Do you think this patient is going to pay the bill?

Software takes out the guesswork

Patient access staff at Tallahassee (FL) Memorial Hospital are about midway through implementing new software, which Joan S. Braveman, director of patient access and financial services, says "will really take us to the new level."

This software does an address and credit check at the time of registration. "Right now, we have a lot of patients who don't even give us their correct addresses in the emergency department, and in our urgent care center as well," says Braveman. "And we have a very educated uninsured population. When asked for ID, they claim they don't have any with them and tell us, 'Well, I'll just go to the emergency department because you have to take care of me.'"

As a patient was being registered under one name, the triage nurse noticed he already had a wristband on. "It was from another hospital in town and had a totally different name on it," says Braveman. "Ultimately, that account goes to bad debt and you have no way to get ahold of the patient."

The new software provides some defense against situations like this. It uses many different databases from retailers and credit reporting agencies to verify that the patient's stated address is correct. If the patient actually has another address on file, this is flagged on the screen.

"It comes back to you with a pop-up saying the patient actually lives at this address. Then we have an opportunity to say to the patient, 'Is there another address I might find you at?' Of course, some people are going to tell us no. But for the most part, I think it's going to work well," says Braveman. "We'll have a valid address we can send a bill to."

Resources are prioritized

For each patient, a "propensity to pay" indicator is given, using a red, yellow, or green light. This is based on several factors, including the patient's credit score and his or her history of paying medically related bills.

"A red light means that the patient will never pay the bill, a green light means you can count on it, and yellow means it's kind of iffy," says Braveman. "This helps staff to prioritize their work."

For a "red light" patient, staff might ask providers whether the service is actually needed that day, or whether it could be scheduled for a future date after the patient is able to pay for the service upfront. "We're primarily doing that for very expensive things, but we will start doing it across the board," says Braveman. "We will only cancel with the physician's permission, and we're obviously never going to deny anyone medical services that are urgent."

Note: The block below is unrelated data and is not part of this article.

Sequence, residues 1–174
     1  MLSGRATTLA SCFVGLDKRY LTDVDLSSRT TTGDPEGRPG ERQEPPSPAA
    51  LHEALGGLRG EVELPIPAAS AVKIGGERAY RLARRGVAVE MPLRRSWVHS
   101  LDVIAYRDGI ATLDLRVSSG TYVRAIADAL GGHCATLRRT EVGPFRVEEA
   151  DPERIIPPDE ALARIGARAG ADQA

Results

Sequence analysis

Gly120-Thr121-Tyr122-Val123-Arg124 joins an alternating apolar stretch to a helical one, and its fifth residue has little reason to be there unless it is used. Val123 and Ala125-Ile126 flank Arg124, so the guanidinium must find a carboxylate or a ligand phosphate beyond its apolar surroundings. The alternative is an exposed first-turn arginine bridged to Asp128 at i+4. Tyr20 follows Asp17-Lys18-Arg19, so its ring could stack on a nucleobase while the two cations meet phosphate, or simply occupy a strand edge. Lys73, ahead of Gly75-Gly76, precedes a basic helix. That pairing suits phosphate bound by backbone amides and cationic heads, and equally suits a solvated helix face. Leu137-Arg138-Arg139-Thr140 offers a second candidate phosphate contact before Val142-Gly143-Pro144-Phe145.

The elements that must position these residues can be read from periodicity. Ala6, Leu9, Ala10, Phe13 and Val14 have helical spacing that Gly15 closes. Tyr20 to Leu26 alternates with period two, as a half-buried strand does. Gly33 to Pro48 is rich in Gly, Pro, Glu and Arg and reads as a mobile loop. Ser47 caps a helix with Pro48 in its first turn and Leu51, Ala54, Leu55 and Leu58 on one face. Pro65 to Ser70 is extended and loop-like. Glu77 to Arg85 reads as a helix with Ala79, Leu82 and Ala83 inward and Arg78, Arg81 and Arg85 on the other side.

If a patient has a green light, he or she is offered a prompt-payment discount. "And obviously, our prediction is we're going to get the money right now," says Braveman. "That will help us on the front end. It will also help us on the back end, though, because we won't spend a lot of time with 'red light' patients."

For uninsured patients who are approved for Medicaid, the system can request a 90-day lookback. This means that if the patient had an uncompensated service during that time frame that went to bad debt, the hospital can now get paid.

Likewise, if the patient isn't approved for Medicaid at the time the service was done at Tallahassee Memorial, but is approved for Medicaid within the next 90 days, the hospital gets paid, even if this occurs in a different city or state.

The "yellow" patients are where most of the staff's attention is directed, since there is a good chance their interaction can result in additional payment. "You never know why a person is 'yellow,' and so, that is exactly where our energy is going to go," says Braveman.

If a patient is recently unemployed, for instance, he or she might qualify for charity, or a patient can be made aware of the hospital's discount policy. "That, to me, is one of the most intriguing features of the system," says Braveman. "Because right now, when the customer service people are calling patients, all they know is if the patient owes us money. They don't know a lot more than that."

Knowing something more about the patient, even if it's only that they have a "green" indicator, meaning a good credit history, helps to direct the call. "On the business office side, we can get all the way to the detail of their credit report. But obviously, for confidentiality reasons, we would not make that information available to all of our staff," adds Braveman.